Democracy activist Aung San Suu Kyi says Myanmar has made some progress toward political reforms. She was speaking to mark the one-year anniversary of her release from house arrest. In other human rights news, China has announced plans to improve "stability" in Tibet, including welfare benefits for monks.
Myanmar: Aung San Suu Kyi, One Year After Release
"Looking back at the past year, I think I can say that it has been eventful, energising and to a certain extent encouraging," said Suu Kyi, who was detained for most of the past two decades by the former military government.
The Nobel Peace Prize winner was released shortly after elections to choose a new civilian government. Her own party, the National League for Democracy, boycotted the vote.
But in a speech to more than 100 journalists and diplomats, Ms. Suu Kyi cited her meetings with minister Aung Kyi and Thein Sein, Myanmar's president, as progress.
In addition to her own yearnings for political freedom, she "deeply believed that the president also wants a change."
But the one issue she said was more important than any other was the need for the rule of law. Without it, she said, progress would never be sustainable. She added there is a lot of work to be done to create an atmosphere in which co-operation could flower.
Ms. Suu Kyi revealed that her party plans to meet on Friday to discuss the possibility of registering with election officials and standing candidates for election.
Over the past year, Myanmar has won limited praise for making some progress toward political freedoms. Human Rights Watch reported this month that the civilian administration has loosened restrictions on the media and passed laws protecting basic human rights.
The new government, which replaced a long-ruling military junta, also pardoned more than 6,300 prisoners, including about 200 political detainees, in a much-anticipated amnesty in October.
But hundreds of political prisoners are still said to be in detention. The release of political prisoners is one of the major demands of Western nations, a necessary condition before sanctions can be lifted.
"An issue of great importance to all of us who are working for democracy in Burma is that of political prisoners," said Ms. Suu Kyi, using the name for the country that the pro-democracy movement prefers. "Some have been released over the last year, but there are still many who remain in prison."
Some analysts say that Myanmar's efforts are aimed at placating Western countries. Since taking direct power in March, President Sein has also defied China by suspending work on an unpopular mega-dam project. Myanmar may also be trying to improve its image as it seeks to become ASEAN Chair in 2014.
Myanmar was expected to announce another amnesty of prisoners on Monday, before Mr. Sein attends the ASEAN Summit and related meetings later this week in Bali. But officials said the move was put off at short notice after a last minute decision by the high-powered National Defence and Security Council.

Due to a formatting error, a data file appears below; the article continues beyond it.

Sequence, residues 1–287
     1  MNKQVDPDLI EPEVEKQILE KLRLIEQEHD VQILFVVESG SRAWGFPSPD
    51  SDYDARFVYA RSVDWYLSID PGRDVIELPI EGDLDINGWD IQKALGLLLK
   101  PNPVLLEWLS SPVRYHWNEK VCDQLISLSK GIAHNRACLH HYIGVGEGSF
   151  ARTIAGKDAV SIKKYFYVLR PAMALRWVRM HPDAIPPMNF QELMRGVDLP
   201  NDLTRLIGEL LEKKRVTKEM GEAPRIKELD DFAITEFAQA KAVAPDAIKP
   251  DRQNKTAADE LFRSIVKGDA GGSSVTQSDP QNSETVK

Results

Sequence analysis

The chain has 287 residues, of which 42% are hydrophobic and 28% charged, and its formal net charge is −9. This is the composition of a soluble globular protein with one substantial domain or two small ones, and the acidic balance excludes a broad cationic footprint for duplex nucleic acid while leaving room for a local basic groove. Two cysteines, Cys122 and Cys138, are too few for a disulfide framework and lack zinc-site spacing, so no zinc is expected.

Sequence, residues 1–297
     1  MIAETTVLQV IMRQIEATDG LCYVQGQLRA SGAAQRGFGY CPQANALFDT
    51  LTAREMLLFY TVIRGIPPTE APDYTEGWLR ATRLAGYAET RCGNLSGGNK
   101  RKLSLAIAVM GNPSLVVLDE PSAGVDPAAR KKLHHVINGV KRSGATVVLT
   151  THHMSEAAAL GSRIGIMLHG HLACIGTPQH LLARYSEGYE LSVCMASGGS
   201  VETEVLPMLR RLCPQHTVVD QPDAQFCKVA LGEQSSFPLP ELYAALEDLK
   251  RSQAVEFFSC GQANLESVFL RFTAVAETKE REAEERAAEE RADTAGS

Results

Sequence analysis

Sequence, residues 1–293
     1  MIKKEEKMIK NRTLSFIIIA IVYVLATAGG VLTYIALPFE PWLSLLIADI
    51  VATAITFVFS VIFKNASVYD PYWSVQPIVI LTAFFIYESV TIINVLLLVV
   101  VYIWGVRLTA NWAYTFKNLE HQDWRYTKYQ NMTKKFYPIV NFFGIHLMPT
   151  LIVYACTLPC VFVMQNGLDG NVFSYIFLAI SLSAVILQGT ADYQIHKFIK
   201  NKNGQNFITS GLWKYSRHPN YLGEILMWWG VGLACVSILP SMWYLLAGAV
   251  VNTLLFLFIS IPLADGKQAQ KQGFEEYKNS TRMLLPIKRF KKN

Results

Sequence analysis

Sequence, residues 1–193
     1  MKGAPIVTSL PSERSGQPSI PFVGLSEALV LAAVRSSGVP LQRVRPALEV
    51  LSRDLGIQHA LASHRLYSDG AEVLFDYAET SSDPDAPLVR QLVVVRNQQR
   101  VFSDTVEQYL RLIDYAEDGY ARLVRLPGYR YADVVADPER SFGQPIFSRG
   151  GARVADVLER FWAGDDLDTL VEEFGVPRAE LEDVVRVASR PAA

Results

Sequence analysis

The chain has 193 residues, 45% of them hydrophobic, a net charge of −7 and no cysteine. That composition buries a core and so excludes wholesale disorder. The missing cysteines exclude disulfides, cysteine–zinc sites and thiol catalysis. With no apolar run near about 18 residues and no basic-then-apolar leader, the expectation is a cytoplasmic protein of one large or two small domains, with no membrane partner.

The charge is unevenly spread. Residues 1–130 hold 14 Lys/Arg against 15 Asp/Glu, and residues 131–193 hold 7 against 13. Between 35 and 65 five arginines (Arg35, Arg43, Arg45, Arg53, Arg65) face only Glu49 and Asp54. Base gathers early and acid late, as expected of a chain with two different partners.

The reasons for the delay were not clear, but the authorities are now expected to decide on a case-by-case basis which prisoners to release.
Report: Myanmar moving in right direction, freed democracy activist says [CNN, 14 Nov 2011]
Report: Aung San Suu Kyi cautiously positive on Burma reform [BBC, 14 Nov 2011]
Report: Suu Kyi urges Myanmar to free more prisoners [Al Jazeera, 14 Nov 2011]
Report: Burma prisoner amnesty delayed [Sydney Morning Herald (AFP), 14 Nov 2011]
China: Welfare for Tibetan Monks
In other human rights news, Chinese news reports say the government will give monks welfare benefits to improve "stability" in Tibet. Over the weekend, China also announced other extra central government spending and policy improvements in Tibet.
This follows a series of incidents in which monks and nuns have set fire to themselves, revealing continuing discontent in Tibetan areas. At least 11 people have set themselves on fire since March, and six are thought to have died.
Chen Quanguo, the recently appointed Communist Party chief in Tibet, said: "The government will take great pains to ensure that public services such as electricity, water, telecommunications, radio and TV stations are provided to the local monasteries".
He also told the Global Times newspaper that there would also be personal help, including allowances, for monks and nuns living in the Tibetan Autonomous Region. Previously monks and nuns had to rely on monasteries, public donations or themselves to fund daily living expenses.
China's government will also spend nearly US$60 million on farmland irrigation and water conservancy projects in Tibet. It will also ensure there is more information - books, magazines and TV programmes - published in the Tibetan language.
China claims that Tibet is part of its territory, but historically the region has enjoyed long periods of autonomy. Opposition to Chinese rule led to a bloody uprising in 1959. Currently, Tibet's spiritual leader, the Dalai Lama, advocates a "middle way" with Beijing, seeking autonomy but not independence.
Report: China 'to give Tibetan monks welfare benefits' [BBC, 14 Nov 2011]